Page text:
calculated for each. Analyses were conducted in SPSSH
v. 18.0.3 (SPSS Inc., Chicago, IL) and LogXactH v. 8.0
(Cytel Inc., Cambridge, MA).
18 rotator cuff tears were found out of a total of 53
patients undergoing ultrasonography for shoulder pain.
31 rotator cuff tears were found out of a total of 202
patients undergoing ultrasonography of other regions; 11
met exclusion criteria and 5 patients were unable to
tolerate MRI, leaving 15 patients with painless tears.
Symptomatic patients were younger on average (mean
MRI of the subacromial bursa in rotator cuff tears
The British Journal of Radiology, November 2012 1483
95% CI561.1–69.3) and a much larger proportion were
female (proportion symptomatic572%
CI549–88%; asymptomatic513% (2/15), 95% CI53–38%).
MRI confirmed the presence of a full-thickness tear of
the rotator cuff in all patients diagnosed on ultrasound
(e.g. Figure 3). The mean size of the rotator cuff tear was
2.462.3cm in the asymptomatic group and 2.162.0cm
in the symptomatic group.
The results of the shoulder symptoms questionnaire
are shown in Table 1. Two subjects did not complete
the questionnaire. One subject in the asymptomatic
group subsequently reported mild symptoms on the
questionnaire. As expected, scores were considerably
lower in the subjects with pain.
The kappa statistic for interobserver agreement of the
subdeltoid/subacromial bursal enhancement score was
0.61 (95% CI50.22–1.00). The prevalence index (the
imbalance in the distribution of scores) was 72.7%; when
this was accounted for the adjusted kappa was higher
(PABAK50.82). The raters exactly agreed over the
majority of scores (PEA590.9%); however, the agree-
ment was poorer for Grade 2 (66.7%) than for Grade 1
Subdeltoid/subacromial enhancement (>Grade 1) was
seen in all patients in both the symptomatic and
asymptomatic group. Grade 2 enhancement was seen
in most shoulders (29/33; 88% overall), including 12/15
(80%) of asymptomatic and 17/18 (94%) of symptomatic
Exact binary logistic regression indicated that the odds
of a tear being symptomatic reduced with age (OR50.84,
95% CI50.69–0.98, p50.021) and may be increased in
females (OR58.91, 95% CI50.83–460.48, p50.082), but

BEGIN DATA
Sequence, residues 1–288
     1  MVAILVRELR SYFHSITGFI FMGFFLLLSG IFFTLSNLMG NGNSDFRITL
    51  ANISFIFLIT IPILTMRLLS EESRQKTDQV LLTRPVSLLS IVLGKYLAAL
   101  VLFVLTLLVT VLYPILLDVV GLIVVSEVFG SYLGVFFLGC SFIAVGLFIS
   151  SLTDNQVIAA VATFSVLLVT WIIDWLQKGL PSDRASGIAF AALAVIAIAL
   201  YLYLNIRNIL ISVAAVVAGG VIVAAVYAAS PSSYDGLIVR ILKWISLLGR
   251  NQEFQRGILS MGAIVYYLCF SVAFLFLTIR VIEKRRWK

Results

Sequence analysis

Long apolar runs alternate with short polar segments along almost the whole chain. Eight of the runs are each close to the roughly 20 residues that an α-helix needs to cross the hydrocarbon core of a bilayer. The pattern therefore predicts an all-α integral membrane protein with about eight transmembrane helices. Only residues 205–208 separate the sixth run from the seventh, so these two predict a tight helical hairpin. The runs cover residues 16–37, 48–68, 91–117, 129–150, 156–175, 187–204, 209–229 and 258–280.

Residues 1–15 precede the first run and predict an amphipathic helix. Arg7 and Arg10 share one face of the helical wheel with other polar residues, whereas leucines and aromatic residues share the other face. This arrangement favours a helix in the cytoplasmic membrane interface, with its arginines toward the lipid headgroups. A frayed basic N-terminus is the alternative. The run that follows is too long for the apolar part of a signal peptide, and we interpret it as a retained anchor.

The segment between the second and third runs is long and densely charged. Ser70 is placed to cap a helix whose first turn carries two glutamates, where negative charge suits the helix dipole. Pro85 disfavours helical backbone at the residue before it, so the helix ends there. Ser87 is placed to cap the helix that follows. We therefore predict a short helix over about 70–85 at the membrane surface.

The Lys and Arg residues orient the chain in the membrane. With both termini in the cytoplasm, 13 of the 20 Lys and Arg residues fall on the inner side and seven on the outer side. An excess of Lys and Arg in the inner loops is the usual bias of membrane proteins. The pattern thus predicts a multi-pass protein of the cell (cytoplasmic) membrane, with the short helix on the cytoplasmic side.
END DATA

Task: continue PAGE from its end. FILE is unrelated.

having controlled for these factors there was no clear
association between pain and subacromial enhancement
(OR520.44, 95% CI50.03–22347.73, p51.00).
The aim of the current study was to determine
whether shoulder pain was associated with contrast
enhancement at the subacromial bursa in patients with
rotator cuff tears. There was no significant evidence for a
link between pain and enhancement, with only slightly
greater enhancement in the group with shoulder pain.
No significant association was found between pain and
enhancement despite taking into account the age and sex
differences between the symptomatic and asymptomatic
patient groups, although increased age was associated
Figure 1. Grade 2 subacromial bursitis. There is enhancing tissue .3mm in thickness in the subacromial bursa.
Figure 2. Grade 1 subacromial bursitis. There is enhancing
tissue ,3mm in thickness in the subacromial bursa.
R J Hodgson, P J O’Connor, E M A Hensor et al
1484 The British Journal of Radiology, November 2012
with painless rotator cuff tears. Were more subjects to be
included in a future study, a statistically significant
emerge, but assuming the same large proportion of
patients had Grade 2 subacromial enhancement its
predictive utility would nevertheless be limited. The
high level of enhancement in asymptomatic patients
(80% showed Grade 2 enhancement) means subdeltoid/
subacromial enhancement is unlikely to be useful for
discriminating between painful and painless rotator cuff
These results have implications for understanding the
mechanisms for pain in rotator cuff tears. Since bursitis
was common in the asymptomatic group, it seems
unlikely that the presence of subacromial bursitis (as
determined by MRI) is the sole determinant of pain in
patients with rotator cuff pathology. This is consistent
with a previous study that looked at the volume of fluid
in the subdeltoid/subacromial bursa using indirect
magnetic resonance arthrography , finding no rela-
tionship to shoulder symptoms. Other studies have
looked at other factors that may be related to rotator
cuff pain and have shown mixed results for tear size,
with a link between symptoms and tear size demon-
strated in larger studies compensating for age [28, 29].
Our study showed an incidence of full-thickness